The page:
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Page 77 ï~~Dynamical Modeling of the Grand Piano Action Brent Gillespie Center for Computer Research in Music and Acoustics (CCRMA) Dept. of Mechanical Engineering, Stanford University. Stanford, CA 94305 email: email@example.com ABSTRACT The grand piano action is modeled as a set of four rigid bodies using Kane's method. Computerized symbol manipulation is utilized to streamline the formulation of the equations of motion so that several models can be considered, each of increasing detail. Various methods for checking the dynamical model thus derived are explored. A computer animation driven by simulation of the equations of motion is compared to a high-speed video recording of the piano action moving under a known force at the key. For quantitative evaluation, the velocities and angular velocities of each of the bodies are extracted from the video recording by means of digitization techniques. The aspects of the model of particular interest for emulation by a controlled system, namely, the mechanical impedance at the key and the velocity with which the hammer strikes the string, can be studied in the equations of motion and compared to empirical data. 1. INTRODUCTION Pianos are judged not only on the basis of their tone, but also feel or 'touch'. The 'dynamics' of the multi-body piano action determine the 'touch' or force history which one feels at the keyboard in response to a given gesture input. Behind these 'dynamics' lie the mechanical properties of the piano action, which are governed by the principles of newtonian mechanics. With tools from the field of applied mechanics, we can build dynamical models whose behaviors approximate those of the piano action. Use of good engineering approximations can be expected to lead to models which are not overly complex, yet descriptive enough to capture the salient properties. Once such a dynamical model has been devised and proven, a few interesting applications are possible. First, the model allows the testing of piano action (or similar keyboard) designs without having to build prototypes. Secondly, piano simulators can be created. The possibility of synthesis by electronic instruments of not just the sound but also the touch-response of a piano is now within reach. Touch response can be emulated by a keyboard which in fact lacks a piano action but has instead actuators or programmable passive devices and an accompanying control system. A few designs have already been prototyped [Cadoz 1990, Baker 1988]. Analytical investigations into the dynamics of the piano action do exist in the literature [Pfeiffer 1967]. Excellent empirical investigations with a view to characterizing the touch response have also appeared [Askenfelt 1991] However, for the purposes of creating a simulator, an explicit model is desired. This paper documents the development of a dynamical model which fully reflects the effects of inertia properties and changing kinematic constraints on the mechanical impedance for one stroke of a key from rest to hammer/string contact. The various sets of equations of motion which govern this behavior are formulated using Kane's method. Simulations are run and preliminary empirical data taken in order to verify the model. The remainder of this paper begins with a brief discussion of the piano action behavior as it pertains to touch response. Next, a dynamical model is described and used to formulate the equations of motion. Simulation results are presented and finally, experiments designed to verify the model are discussed. 2. MOTION DESCRIPTION Touch response can be described in terms of the mechanical impedance (frequency generalized resistance to force) which the piano presents to the player. Mechanical impedance is a function of the inertia, damping, and compliance properties, and also the geometry and interconnection of each of the piano action elements. In this paper, only the behavior resulting from motion beginning at key rest to hammer/string contact will be considered. The functions of the repetition lever and damper are left out. Even this brief motion must be broken into three distinct phases for the purposes of modeling because three sets of kinematic constraints operate. During the first phase, which we will call acceleration, the jack has not yet risen to contact the regulation button (see Figure 1). Therefore, the jack does not rotate with respect to the whippen. The second phase, called let-off, reigns while there is contact between the jack and regulation button, and ends when the interaction forces between the jack and hammer at the knuckle are no longer compressive. The third phase is characterized by free flight of the hammer and further motion of the key, whippen and jack until the key hits the key rail. A model capable of' describing the effects of these changing kinematic constraints is desired so that the trigger-like feel of the let-off resistance can be rendered.Â~ 77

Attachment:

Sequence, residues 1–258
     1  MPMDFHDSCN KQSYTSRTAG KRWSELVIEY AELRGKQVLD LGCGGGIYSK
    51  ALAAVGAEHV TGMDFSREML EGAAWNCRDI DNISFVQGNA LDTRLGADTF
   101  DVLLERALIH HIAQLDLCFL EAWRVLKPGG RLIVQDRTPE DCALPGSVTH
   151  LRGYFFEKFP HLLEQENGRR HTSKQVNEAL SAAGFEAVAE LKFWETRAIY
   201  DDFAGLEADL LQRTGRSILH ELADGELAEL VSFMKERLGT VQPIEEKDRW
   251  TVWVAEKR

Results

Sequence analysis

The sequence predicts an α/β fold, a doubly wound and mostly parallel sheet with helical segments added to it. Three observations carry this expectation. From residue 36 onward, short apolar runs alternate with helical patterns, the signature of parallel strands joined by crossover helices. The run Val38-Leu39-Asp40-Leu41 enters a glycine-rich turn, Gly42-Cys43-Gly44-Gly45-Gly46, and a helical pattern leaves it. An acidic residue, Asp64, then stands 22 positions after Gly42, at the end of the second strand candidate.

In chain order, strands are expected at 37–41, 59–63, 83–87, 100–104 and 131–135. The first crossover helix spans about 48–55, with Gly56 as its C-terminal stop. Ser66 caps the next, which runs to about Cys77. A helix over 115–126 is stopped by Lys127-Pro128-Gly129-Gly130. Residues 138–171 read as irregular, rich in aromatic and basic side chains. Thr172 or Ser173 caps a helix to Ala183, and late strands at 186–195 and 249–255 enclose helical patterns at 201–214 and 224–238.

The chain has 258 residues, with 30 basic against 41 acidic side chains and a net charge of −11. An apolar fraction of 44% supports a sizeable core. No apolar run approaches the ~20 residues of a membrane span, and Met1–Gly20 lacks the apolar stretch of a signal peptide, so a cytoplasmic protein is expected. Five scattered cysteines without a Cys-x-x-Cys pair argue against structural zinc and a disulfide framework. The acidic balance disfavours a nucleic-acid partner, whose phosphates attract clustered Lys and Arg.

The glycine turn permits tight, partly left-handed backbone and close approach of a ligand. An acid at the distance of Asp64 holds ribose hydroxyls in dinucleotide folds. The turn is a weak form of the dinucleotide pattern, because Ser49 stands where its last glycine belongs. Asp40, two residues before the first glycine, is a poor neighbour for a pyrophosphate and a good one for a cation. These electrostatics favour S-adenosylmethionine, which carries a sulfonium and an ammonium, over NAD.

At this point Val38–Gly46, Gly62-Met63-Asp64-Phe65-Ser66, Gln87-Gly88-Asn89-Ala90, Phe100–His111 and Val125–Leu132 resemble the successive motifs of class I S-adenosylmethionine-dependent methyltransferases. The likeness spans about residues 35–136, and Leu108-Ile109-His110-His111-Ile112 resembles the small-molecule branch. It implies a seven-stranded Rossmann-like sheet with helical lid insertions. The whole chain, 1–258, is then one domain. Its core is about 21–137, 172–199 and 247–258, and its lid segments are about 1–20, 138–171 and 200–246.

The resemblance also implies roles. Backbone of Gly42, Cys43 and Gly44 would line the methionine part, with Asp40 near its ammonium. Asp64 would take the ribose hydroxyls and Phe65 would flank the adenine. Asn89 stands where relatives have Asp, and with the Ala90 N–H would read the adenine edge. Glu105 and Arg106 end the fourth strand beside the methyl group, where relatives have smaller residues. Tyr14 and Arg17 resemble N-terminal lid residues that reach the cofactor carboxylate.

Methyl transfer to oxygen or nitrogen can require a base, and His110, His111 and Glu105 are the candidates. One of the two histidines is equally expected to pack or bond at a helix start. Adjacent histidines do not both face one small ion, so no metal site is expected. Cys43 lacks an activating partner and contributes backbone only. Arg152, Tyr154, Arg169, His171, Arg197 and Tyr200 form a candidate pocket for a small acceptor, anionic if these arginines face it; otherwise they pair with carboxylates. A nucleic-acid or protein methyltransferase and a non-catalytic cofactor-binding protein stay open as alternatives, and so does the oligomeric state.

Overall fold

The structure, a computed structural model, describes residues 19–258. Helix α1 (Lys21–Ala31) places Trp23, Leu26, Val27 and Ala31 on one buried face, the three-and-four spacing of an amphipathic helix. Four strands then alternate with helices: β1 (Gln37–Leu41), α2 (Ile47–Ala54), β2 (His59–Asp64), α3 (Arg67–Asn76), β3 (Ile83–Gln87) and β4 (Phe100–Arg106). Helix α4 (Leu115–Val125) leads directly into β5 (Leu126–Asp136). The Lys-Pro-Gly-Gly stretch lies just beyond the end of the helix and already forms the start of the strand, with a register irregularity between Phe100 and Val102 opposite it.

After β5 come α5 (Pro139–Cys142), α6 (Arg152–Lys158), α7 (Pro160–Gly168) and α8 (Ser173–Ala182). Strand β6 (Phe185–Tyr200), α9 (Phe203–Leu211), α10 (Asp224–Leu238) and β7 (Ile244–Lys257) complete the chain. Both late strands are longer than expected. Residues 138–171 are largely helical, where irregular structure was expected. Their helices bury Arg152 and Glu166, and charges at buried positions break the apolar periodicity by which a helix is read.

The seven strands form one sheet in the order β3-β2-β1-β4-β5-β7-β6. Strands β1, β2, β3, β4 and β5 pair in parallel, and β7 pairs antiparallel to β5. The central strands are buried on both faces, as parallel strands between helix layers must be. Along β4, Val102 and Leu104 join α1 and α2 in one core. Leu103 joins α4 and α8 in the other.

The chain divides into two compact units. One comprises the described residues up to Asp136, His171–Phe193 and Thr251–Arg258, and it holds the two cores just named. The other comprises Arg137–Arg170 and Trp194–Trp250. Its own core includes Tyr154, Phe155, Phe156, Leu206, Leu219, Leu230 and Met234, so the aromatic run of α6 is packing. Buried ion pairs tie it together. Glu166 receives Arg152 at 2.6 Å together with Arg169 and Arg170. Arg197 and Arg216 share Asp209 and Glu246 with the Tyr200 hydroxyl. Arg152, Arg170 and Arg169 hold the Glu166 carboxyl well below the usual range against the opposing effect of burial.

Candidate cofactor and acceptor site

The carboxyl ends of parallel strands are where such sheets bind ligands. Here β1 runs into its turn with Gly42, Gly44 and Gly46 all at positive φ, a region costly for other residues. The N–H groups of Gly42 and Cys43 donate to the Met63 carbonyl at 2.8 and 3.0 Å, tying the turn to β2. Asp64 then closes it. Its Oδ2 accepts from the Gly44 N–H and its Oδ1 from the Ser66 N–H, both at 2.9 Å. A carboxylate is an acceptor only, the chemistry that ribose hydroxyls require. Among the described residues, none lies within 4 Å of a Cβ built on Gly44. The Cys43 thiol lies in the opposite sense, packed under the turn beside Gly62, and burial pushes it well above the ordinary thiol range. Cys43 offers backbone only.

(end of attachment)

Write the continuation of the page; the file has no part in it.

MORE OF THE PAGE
Page 78 ï~~3. MODEL DESCRIPTION Figure 2 shows a schematic representation of the grand piano action to be used for reference in the following discussion. Four bodies comprise the model: The key K, the whippen W, the jack J, and the hammer H. (See Figure 2a.) In the present analysis, the function of the repetition lever and the damper lever are not taken into account because they do not play a role during the motion being considered. Let N denote a newtonian reference frame. Because only planar motion needs be considered. a point is sufficient to determine an axis of rotation. (See Figure 2c.) Body K can rotate in N about point PI fixed in both N and K. Similarly, body W can rotate in N about point P2 fixed in N and W. Body H can rotate in N about point P4 fixed in N and 11. Finally, body J is connected to W in such a way that it can rotate about point P3 fixed in J and W. Points H* and K* are the mass centers of bodies H and K. Moments of inertia for H and K are also included. Parameters L i,..L20 (not shown) designate pertinent dimensions. To characterize the instantaneous configuration of the action, generalized coordinates q 1,...q7 are employed. (See Figure 2b.) The radian measures of four angles ql1, q2, q4, and q6 are used to locate each of K, W, H, and J with respect to the horizontal. Displacement q3 locates a frictionless slider Si which connects K to W. Displacement q5 locates a frictionless slider S2 which connects J to H. Displacement q7 locates a frictionless slider S3 which connects J to a horizontal line RB fixed in N corresponding to the regulation button. All of the sliders S1, S2, and S3 are existent or active, however, only during one phase of the motion of the action: during letoff. Table I shows the three phases of motion and the action of each of the sliders to further clarify the manner in which the kinematic constraints evolve. Readers familiar with the design of the piano action will already be aware of several assumptions made in the above model constnction. First, each action element has been modeled as a rigid body. Inertial and weight effects are accounted for, but damping and compliance effects are i Knuckle key Regulation Button Key Rail - Figure 1. a) Phase I Acceleration with Body names shown (K) RE ji (i) q..4 b) phase I1 Let-off with slider names and selected generalized coordinates shown Si:. _ c) Phase lII Free-flight with point names shown Kp, Motitn Sub-model Phase Name 1 Accelrat ion Active I)egrees tfr Number torclosed Sliders ireedon kinematic chains SI S2 x SI S2 S3 I I I.cl -oiff Ilia I lammer ight x x 2 3 0 2 llth Key!light SI x S3 Table 1. Figure 2. Schematic diagram of the grand piano action in three configurations corresponding to the three phases of movement: a) acceleration, b) let-off, c) free-flight. The various symbols shown are generally applicable, but are separated over the three configurations for clarity. 78